Ignoring the Y term and denoting the chroma signal on line 1 by C and the chroma signal on line 3 (where the sine and cosine terms have swapped between U And V) by C' we see that we essentially have the pattern:-

C, -C', C', C, -C, C', -C', -C

So if we start with line 2, for example, we can see the pattern as essentially a sequence of pairs of lines, where the second line of the pair carries the approximate inverse of the chroma signal in the first line of the pair.

If we look at the sample chroma signal patterns near the foot of this page, we can see that they do indeed seem to be consistent with this.

Examination of the "Top Of The Pops" film recording sample

The image below shows a 16x enlargement of the pixel pattern in 32 X 30 pixel area of approximately constant colour from the first frame of the HD "Top Of The Pops" film recording sample.

a-browne_frame0_604_324_335_353_zoom.png
© BBC


(The top left coordinate of this are in the HD sample is (604, 324). It is part of the square reddish backgound on which the large numeral "1" appears.)

It should be apparent that there is a roughly repeating pattern of luminance values, where the horizontal interval over which the pattern repeats is close to 8 pixels and the vertical interval is close to 15 pixels.

The 8 pixel horizontal interval is consistent with the length of the chroma signal cycle, since we know there are approximately 230.5 chroma cycles in the visible part of a TV picture and an HD image is 1920 pixels wide. As the image above is of an area 32 pixels wide it is therefore roughly 4 chroma signal cyles in width.

The 15 pixel vertical interval is consistent with the 8 line chroma signal pattern we discussed above. As the visible part of a TV picture is 576 lines in height and an HD image is 1080 pixels high, we should expect an eight line band in our sample to have a height of about 15 pixels. As the image above is of an area 30 pixels high, it is therefore roughly the height of 16 scan lines or twice the height of the repeating 8 line pattern.

At this point, I originally wrote:-

"It should also be fairly apparent that the chroma signal pattern over a height of 15 pixels does not match what we should expect to see according to the calculations we made above. We do not seem to be seeing a sequence of pairs of lines where the second line of the pair carries a signal which is the inverse of the first. Instead the nearest inverses of each chroma signal seems to be at a vertical distance of about 7 pixels either side of it, corresponding to a distance of about 4 scan lines.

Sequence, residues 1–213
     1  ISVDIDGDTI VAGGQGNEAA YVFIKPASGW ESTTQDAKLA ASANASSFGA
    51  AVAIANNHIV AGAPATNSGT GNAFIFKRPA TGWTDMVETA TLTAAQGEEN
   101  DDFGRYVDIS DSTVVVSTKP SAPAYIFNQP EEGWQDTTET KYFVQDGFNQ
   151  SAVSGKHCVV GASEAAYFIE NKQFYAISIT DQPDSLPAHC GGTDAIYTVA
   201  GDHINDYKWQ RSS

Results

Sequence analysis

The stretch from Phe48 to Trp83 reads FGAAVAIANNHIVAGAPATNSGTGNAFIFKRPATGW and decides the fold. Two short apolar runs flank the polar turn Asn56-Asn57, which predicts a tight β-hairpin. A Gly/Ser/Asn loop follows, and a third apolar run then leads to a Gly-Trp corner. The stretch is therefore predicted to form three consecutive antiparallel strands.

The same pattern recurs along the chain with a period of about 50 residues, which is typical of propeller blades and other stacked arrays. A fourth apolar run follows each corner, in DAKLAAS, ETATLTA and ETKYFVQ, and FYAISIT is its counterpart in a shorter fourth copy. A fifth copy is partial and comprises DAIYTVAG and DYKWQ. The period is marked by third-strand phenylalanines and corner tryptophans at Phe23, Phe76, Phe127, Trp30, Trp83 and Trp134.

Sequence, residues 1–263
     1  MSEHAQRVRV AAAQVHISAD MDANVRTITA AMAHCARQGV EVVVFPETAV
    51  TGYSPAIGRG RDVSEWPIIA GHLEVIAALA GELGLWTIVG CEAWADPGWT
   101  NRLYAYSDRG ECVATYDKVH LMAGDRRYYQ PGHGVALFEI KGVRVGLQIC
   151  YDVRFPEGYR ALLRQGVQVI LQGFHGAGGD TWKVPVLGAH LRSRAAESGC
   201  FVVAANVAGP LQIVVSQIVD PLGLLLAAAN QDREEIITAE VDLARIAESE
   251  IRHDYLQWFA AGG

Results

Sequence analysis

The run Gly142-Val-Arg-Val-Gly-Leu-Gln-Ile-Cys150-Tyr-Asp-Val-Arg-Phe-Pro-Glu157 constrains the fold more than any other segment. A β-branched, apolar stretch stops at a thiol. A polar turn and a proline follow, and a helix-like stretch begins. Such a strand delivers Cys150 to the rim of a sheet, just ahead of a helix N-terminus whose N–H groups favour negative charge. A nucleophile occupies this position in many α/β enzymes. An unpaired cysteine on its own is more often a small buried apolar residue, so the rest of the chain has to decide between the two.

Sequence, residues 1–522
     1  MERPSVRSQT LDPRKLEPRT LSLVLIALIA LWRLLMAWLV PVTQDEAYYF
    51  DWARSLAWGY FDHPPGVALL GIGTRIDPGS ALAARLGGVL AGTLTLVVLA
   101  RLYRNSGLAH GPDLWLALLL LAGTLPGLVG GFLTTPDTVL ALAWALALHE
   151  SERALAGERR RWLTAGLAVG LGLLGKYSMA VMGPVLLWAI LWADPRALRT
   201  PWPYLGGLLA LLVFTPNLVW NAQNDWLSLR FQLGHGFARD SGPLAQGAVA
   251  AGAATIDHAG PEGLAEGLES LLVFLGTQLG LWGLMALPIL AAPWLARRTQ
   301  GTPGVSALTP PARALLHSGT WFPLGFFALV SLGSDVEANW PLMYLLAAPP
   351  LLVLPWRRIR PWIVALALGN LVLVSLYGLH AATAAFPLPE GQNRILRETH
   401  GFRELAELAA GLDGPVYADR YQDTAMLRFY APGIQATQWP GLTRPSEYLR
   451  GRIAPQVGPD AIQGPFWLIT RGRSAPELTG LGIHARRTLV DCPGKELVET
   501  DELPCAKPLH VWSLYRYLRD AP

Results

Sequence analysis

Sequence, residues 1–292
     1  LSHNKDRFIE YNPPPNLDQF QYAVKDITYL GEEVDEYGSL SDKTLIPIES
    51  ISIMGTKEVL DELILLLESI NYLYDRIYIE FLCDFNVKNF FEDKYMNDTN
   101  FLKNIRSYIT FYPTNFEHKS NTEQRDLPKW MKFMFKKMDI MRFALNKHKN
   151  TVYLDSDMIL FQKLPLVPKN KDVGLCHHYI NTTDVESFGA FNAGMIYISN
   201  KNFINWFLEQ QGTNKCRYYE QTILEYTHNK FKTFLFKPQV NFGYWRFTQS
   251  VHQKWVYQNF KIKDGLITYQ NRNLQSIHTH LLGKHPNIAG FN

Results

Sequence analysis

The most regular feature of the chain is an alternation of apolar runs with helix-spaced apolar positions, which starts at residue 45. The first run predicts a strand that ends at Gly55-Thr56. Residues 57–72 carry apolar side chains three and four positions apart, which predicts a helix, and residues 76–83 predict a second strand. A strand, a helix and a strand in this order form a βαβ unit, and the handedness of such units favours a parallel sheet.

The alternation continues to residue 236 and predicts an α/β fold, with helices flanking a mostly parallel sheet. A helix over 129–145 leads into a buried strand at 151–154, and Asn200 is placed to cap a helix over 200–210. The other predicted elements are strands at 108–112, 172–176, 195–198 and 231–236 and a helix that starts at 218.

"Examining our equations shows that each line should indeed have an inverse at a distance of 4 scan lines above and below it. These inverses come from the same field as the line in question. However there should also be an intermediate inverse either immediately above or below each line which comes from the alternate field and these do not appear to be present in our sample. Indeed it looks very much as though our sample only contains a significant chroma signal pattern from one of the two fields in the frame, so that what we are seeing over a vertical distance of 15 pixels are significant chroma signal signal contributions from just 4 of the 8 lines that that distance spans."

This conclusion was quite wrong. I believe the following pair of images shed some light on the appearance of the pattern.

First an enlargment of a 32x16 pixel sample taken from a 1920x576 software generated chroma pattern produced from the colour on the corresponding part of the frame in the colour VT copy of the TOTP episode:-

a-browne_chroma_pattern_zoom.png

Here each of the 16 pixel rows corresponds to a picture scan line. For this particular source colour it so happens that the peaks and troughs of the chroma signal pattern on some adjacent lines occur at reasonably similar positions, so we can see that the large "chroma dots" in our film recording are actually formed of two smaller "dots" on neighbouring scan lines.

Now here is a 32x30 pixel sample taken from a resizing of the 1920x576 pattern to 1920x1080 using bilinear sampling:-

a-browne_chroma_pattern_resampled_zoom.png

This resampling is intended to provide a crude simulation of the effect on the chroma pattern in the film recordings of scanning at 1920x1080. It can be seen that the above pattern does look pretty similar to the pattern in the TOTP recording.

It should also be apparent, even by visual inspection, that the resampling has affected the overall luminance value and caused some distortion of the embeded chroma signal.

A feature that can be seen both in the above image, and in the film recordings is that there are pixel rows where the variation in luminance along the row due to chroma is much less than the neighboring rows above and below. I believe these rows generally correspond to positions where the scanning/sampling is effectively averaging the values from neighbouring scan lines whose chroma signals are in antiphase, in accordance with the pattern of pairs of inverse signals that we identified earlier. The pixel rows on either side of such lines should therefore correspond to the scan lines in question. It is possible that this could be an aid to identifying scan line structure in film recordings at this resolution, but further investigation would be needed to see how well that actually works out in practice.

-- Andrew Browne 8th April 2008, revised 4th December 2008